Friday, June 22, 2007

Windorphins: when widgets lack a spine

I nearly collided with a colorful sign announcing Windorphins today. It looked like a cross between Tomaguchi and Spore. Friendly amoeba like creatures stared back at me as I tried to make sense of their name. In fact, they are an eBay marketing campaign.

The landing page is a fun tongue in cheek look at Windorphins: 'real' video footage of their discovery, an anatomical look at where they can be found in your body, and of course a lot of links back to eBay.

The fun begins when you make your own. Here is the embeddable widget you end up with:

Make your own Windorph
Make your own Windorph

Windorphins are pure widget silliness. What I like about them is that the Windorphin itself is pure widget. Simple HTML makes it portable to any web page. What I don't like is that they are also pure silliness. A little silliness goes a long way when combined with at least a dash of functionality. Pure silliness remains just that, silly.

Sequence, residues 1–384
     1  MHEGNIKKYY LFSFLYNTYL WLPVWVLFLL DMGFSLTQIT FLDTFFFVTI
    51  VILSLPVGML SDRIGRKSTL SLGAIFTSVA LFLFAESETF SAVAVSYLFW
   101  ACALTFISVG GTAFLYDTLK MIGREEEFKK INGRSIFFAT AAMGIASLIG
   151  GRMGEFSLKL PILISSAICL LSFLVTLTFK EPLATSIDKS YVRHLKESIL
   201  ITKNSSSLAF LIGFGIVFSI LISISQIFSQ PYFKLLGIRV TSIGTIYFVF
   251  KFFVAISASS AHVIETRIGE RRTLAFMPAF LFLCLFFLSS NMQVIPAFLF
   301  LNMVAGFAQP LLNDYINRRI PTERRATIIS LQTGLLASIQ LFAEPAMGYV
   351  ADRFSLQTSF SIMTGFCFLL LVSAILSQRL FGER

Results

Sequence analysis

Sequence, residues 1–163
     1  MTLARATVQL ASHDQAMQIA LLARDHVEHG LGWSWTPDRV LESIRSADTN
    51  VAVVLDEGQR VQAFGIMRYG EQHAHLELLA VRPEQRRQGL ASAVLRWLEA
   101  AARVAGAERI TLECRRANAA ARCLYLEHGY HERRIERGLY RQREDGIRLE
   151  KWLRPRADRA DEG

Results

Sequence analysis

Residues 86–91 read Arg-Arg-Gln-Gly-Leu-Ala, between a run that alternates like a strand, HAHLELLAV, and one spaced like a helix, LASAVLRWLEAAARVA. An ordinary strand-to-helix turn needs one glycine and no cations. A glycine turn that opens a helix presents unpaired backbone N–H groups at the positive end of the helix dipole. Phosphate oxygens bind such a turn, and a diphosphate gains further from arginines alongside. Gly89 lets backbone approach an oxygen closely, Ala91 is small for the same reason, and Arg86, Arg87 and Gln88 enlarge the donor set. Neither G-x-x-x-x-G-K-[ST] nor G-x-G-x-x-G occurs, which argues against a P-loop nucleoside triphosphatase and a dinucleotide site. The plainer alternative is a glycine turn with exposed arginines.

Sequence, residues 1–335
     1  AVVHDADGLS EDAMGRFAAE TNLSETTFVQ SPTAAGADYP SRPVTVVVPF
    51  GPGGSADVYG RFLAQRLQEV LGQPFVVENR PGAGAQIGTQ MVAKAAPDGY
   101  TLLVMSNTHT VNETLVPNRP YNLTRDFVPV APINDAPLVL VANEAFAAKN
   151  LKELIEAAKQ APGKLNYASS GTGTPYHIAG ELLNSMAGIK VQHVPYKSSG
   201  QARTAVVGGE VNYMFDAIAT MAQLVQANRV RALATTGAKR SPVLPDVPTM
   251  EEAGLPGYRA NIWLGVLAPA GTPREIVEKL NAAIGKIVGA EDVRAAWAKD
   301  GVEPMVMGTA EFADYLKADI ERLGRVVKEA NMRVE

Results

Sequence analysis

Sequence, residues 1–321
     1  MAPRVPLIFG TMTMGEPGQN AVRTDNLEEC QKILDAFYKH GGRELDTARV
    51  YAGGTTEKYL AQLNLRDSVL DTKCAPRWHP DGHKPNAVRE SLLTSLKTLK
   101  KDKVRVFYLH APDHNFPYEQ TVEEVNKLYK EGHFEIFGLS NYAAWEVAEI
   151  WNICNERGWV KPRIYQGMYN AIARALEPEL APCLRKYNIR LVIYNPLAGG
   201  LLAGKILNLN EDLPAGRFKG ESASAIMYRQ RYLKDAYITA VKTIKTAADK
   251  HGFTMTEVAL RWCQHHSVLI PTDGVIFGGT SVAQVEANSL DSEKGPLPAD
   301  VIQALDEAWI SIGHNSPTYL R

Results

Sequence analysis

I believe most people will have an experience similar to mine. Check out the site, laugh a little at the corny, sort of classic, marketing jokes , make a Windorphin, and move on.

What if...
  • There was some functional backbone behind my Windorphin?
  • It started to look a little lean if I hadn't been back to eBay in a while?
  • I could add more kooky items to it if I bought or sold something on eBay?

That would add another dimension to the Windorphins and amplify the impact of the campaign. I would be more engaged with the technology and hopefully follow an inherent 'call to action' to use eBay. As it stands I had a few minutes of silly fun, spent more time on than eBay, and am left uncertain as to what the grand auctioneer was trying to accomplish.

As we are more thoroughly inundated with these 'viral' campaigns based on lightweight widget technology the payoff needs to be greater. Widgets need a spine. While silliness abounds and is fun, Windorphins have not met their potential.

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